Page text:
What does this mean for the future of Chelsea’s keeper position?

Bettinelli is set to be Chelsea’s third choice keeper for several reasons. He is the worst of the three keepers the Blues have currently and he was brought in for that sole purpose. Bettinelli has a chance to become Chelsea’s second choice goalkeeper, but only if Arrizabalaga leaves the club, either on loan or permanently. This is because Arrizabalaga will start every non-league or Champions League game for Chelsea, so Bettinelli only gets a look if one keeper is unavailable, as things stand.

That scenario, unfortunately, is one that Chelsea can forecast. The club’s first choice keeper, Edouard Mendy, is leaving for the 2020 African Cup of Nations early in 2022. This means that Chelsea would be without one goalkeeper, and therefore, Bettinelli becomes second choice. This few weeks will give the Englishman a chance to stake his claim to be in contention for the place of second choice keeper. If Bettinelli plays so well, he could be put in competition with Arrizabalaga in the pecking order.

Moving from a spot in the depth chart at goalkeeper is very difficult because every game is different. You have to do enough to convince the manager that the shot-stopper above you should be lower down on the list, except you have only a few actions per game to do that. If you face a lot of shot on the day, you plan to stake your claim, you have to make 85-100 percent of your saves on the day to get the manager thinking. At the same time, there’s the possibility of you letting in a few goals on a day like that, and in some cases, you may even be blamed for the goal tally.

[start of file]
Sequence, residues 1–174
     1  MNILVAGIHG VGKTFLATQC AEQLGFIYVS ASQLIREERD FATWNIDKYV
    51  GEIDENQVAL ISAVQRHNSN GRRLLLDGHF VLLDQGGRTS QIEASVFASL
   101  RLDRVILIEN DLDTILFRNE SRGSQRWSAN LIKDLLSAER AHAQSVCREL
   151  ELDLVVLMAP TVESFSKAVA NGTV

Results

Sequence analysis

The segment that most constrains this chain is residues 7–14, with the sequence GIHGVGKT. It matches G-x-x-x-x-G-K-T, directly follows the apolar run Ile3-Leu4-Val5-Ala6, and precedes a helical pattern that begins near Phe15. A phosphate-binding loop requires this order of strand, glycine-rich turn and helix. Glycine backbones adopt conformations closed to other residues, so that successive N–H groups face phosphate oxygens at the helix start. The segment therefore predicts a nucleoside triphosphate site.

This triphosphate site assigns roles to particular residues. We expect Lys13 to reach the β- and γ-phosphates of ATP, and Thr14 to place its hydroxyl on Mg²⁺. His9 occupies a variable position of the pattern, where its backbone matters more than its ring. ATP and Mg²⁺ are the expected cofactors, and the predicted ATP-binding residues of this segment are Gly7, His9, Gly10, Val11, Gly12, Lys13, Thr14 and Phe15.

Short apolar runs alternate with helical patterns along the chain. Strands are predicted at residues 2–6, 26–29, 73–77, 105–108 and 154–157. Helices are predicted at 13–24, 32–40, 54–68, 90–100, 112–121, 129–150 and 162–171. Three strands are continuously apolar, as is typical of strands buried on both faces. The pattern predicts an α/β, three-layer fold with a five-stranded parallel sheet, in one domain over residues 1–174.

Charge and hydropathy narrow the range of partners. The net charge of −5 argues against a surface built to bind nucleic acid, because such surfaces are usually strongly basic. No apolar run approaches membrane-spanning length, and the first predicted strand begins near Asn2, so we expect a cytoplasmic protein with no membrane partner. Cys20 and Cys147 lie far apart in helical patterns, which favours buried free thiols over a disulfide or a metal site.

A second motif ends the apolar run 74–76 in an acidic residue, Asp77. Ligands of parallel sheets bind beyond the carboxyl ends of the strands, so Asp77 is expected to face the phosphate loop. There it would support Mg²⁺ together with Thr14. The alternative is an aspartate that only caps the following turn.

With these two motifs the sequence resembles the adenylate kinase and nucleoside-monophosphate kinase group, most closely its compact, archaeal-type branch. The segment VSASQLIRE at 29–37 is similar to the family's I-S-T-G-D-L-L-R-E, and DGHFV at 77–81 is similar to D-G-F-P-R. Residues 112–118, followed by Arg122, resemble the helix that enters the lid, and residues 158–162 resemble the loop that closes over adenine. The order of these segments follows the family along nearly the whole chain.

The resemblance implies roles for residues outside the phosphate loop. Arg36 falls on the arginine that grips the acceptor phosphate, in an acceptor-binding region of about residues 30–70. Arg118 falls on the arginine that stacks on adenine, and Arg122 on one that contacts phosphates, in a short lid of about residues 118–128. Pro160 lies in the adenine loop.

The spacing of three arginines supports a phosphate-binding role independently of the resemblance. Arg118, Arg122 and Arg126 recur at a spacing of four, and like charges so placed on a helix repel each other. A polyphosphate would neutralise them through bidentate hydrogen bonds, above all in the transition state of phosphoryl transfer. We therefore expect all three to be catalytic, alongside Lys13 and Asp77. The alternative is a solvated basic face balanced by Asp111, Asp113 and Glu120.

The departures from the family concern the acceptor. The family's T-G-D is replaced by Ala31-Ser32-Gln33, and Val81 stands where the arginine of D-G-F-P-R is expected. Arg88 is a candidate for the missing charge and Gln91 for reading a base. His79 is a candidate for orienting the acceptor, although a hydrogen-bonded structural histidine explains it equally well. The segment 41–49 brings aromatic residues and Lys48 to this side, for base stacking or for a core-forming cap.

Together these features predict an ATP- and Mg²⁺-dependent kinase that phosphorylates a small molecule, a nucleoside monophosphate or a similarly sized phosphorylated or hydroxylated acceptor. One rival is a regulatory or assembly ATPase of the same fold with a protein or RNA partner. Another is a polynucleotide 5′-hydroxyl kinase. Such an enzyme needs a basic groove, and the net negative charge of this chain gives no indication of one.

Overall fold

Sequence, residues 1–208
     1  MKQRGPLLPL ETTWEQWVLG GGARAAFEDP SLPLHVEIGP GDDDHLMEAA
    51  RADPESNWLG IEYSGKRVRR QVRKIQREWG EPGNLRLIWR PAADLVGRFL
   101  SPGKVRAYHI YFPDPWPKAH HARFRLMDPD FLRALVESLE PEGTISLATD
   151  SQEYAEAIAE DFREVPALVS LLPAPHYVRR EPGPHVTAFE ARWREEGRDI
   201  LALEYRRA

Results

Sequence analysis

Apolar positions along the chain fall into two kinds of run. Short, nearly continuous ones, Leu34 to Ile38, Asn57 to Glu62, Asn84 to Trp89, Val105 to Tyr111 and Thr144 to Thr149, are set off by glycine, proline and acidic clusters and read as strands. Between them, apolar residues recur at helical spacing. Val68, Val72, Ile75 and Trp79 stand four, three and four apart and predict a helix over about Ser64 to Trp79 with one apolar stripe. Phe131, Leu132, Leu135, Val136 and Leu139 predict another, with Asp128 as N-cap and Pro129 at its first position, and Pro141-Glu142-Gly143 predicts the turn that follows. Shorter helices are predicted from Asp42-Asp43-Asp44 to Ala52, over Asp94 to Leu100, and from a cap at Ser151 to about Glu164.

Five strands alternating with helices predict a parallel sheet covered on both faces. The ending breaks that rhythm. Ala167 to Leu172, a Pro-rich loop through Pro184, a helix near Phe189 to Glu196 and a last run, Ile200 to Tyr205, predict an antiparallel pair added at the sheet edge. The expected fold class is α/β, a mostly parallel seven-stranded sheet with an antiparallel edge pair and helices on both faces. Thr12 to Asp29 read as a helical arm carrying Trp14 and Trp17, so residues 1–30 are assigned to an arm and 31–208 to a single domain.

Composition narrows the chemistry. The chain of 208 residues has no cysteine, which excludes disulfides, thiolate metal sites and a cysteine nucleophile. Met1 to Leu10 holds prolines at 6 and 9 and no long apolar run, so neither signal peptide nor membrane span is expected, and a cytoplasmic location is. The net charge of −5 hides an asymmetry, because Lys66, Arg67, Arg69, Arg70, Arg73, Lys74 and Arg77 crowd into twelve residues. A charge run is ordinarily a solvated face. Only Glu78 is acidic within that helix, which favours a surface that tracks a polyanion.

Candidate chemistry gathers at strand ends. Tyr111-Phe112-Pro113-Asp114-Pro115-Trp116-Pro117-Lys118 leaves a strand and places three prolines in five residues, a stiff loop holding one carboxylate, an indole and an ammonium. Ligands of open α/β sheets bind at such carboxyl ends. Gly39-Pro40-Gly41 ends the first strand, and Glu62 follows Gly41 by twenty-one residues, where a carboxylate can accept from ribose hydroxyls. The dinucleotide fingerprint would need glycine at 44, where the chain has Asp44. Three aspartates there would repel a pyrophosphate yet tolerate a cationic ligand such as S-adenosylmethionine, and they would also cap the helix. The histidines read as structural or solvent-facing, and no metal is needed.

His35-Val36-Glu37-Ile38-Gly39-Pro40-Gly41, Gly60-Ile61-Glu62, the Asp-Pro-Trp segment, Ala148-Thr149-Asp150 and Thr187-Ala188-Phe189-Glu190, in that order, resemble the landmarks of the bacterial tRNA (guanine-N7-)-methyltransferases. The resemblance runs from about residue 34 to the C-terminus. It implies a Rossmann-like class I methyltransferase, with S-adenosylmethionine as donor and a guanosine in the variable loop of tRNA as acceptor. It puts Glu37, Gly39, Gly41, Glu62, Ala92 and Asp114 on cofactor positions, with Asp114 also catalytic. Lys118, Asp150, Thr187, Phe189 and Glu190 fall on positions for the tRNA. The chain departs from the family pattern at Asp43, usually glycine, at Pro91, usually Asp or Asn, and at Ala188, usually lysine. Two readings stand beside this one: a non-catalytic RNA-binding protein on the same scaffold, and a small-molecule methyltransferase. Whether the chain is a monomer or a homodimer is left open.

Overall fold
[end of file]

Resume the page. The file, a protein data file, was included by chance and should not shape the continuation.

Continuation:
In Bettinelli, Chelsea is getting a goalkeeper that is good enough for third place with his save percentage last season being lower than Arrizabalaga’s. Bettinelli has never being tried as a Premier League—or top flight—keeper, so anything we’re saying is just speculation and calculated guesses. However, with him being homegrown, 29 years old and being a fringe player where he’s coming from, third choice keeper is perfect for him and the Blues could certainly do worse.